Interviews, insight & analysis on Ecommerce

Going Live – why live commerce could be the next big thing for social commerce  

By Jim Herbert, SVP, GM for EMEA, BigCommerce

Since the pandemic, ecommerce has exploded and no sector has embodied this growth more than social commerce, which allows consumers to complete the entire sales journey within the social media platform, from discovery to checkout. The pace of innovation is reflected by growth projections, with Accenture expecting total social commerce-based sales to more than double to 1.2 trillion by 2025

Doubling in three years is certainly impressive. But this pales in comparison to the growth of live commerce, which saw a compound annual growth rate of 280% in China, its most mature market, between 2017 and 2020. Social commerce evolves in response to broader social media trends. So the fact that 2019 saw a 93% rise in total time spent live streaming in just one year makes it a channel retailers and marketers are watching closely to explore its potential.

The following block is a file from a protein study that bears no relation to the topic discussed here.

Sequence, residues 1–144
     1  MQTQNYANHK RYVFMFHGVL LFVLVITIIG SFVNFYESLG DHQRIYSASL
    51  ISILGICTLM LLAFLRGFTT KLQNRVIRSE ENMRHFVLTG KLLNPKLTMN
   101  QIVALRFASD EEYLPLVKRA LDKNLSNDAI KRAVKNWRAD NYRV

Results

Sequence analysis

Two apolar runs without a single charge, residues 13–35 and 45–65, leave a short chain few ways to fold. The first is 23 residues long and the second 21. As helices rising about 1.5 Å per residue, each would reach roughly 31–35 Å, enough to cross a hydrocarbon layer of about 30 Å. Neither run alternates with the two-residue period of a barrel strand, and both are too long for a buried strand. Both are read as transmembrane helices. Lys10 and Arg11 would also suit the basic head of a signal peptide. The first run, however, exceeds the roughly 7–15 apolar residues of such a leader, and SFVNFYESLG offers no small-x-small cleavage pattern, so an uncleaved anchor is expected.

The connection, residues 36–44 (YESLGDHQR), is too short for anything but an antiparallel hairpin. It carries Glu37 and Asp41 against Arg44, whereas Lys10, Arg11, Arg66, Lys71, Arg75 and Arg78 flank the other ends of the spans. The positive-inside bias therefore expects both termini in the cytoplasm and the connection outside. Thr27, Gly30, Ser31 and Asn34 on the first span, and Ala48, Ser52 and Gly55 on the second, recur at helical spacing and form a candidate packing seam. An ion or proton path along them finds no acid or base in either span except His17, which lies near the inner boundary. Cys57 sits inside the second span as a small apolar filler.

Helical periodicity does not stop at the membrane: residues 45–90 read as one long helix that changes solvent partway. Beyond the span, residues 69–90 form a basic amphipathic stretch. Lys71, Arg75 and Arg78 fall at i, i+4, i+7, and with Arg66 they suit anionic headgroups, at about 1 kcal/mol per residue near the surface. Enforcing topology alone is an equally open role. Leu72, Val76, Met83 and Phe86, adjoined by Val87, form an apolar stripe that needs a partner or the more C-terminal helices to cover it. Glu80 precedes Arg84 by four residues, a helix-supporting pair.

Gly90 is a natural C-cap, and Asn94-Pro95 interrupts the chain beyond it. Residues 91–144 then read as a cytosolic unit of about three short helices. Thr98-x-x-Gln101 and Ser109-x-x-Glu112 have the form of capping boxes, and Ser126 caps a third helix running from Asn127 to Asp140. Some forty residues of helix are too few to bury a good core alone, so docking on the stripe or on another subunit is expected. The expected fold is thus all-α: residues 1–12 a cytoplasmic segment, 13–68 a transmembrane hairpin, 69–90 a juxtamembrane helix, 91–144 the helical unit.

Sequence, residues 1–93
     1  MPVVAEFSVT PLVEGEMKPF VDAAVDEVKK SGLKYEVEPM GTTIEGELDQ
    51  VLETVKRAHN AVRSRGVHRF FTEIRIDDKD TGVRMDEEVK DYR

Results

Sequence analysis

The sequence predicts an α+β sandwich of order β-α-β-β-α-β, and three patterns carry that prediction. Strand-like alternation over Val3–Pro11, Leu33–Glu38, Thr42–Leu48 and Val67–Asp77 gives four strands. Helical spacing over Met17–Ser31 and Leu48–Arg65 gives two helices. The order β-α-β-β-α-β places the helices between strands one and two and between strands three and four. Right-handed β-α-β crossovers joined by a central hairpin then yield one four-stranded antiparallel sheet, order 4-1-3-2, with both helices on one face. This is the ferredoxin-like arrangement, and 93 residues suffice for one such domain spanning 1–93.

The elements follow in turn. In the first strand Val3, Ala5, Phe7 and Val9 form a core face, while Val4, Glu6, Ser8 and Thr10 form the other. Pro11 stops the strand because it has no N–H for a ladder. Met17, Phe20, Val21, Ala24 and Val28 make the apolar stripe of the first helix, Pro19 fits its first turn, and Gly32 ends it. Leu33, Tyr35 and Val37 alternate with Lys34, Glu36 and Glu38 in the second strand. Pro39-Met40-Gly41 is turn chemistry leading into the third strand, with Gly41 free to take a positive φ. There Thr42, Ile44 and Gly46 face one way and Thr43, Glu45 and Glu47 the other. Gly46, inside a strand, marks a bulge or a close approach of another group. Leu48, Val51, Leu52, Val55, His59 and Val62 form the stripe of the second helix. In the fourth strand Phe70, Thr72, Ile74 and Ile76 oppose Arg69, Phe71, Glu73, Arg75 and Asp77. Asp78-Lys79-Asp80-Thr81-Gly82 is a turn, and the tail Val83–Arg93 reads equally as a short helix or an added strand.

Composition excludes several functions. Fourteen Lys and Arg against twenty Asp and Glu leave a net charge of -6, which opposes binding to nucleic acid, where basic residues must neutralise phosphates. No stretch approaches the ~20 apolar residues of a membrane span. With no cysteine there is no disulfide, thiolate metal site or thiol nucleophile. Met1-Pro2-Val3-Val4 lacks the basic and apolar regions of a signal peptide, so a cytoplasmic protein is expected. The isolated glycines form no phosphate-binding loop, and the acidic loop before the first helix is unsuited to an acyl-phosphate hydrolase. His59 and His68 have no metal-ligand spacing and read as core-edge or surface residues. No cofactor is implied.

The social connection

To understand the potential of live commerce, it is important to look at the drivers behind social commerce’s growth more generally. Social media is where users go to curate what they want to see: their friends, their passions, their news sources and their favourite influencers.

By engaging customers in a space users curated, brands can cultivate more natural relationships and discovery. Instead of an impersonal, inert advert, users might see an influencer they choose to follow who is selling a product aligned to their interests.

Instead of choosing to directly visit a retailer online store, the user might follow them to naturally see what’s new. Additionally, the data-driven targeting of these platforms ensures users see genuinely relevant products, particularly amongst young consumers. A staggering 97% of Gen Z use social media as their top source of shopping inspiration, whilst an increased desire for ‘authenticity’ makes relatable influencer-based commerce significantly powerful. As this generation develops, and their purchasing power grows, it will become even more important to prioritise social commerce.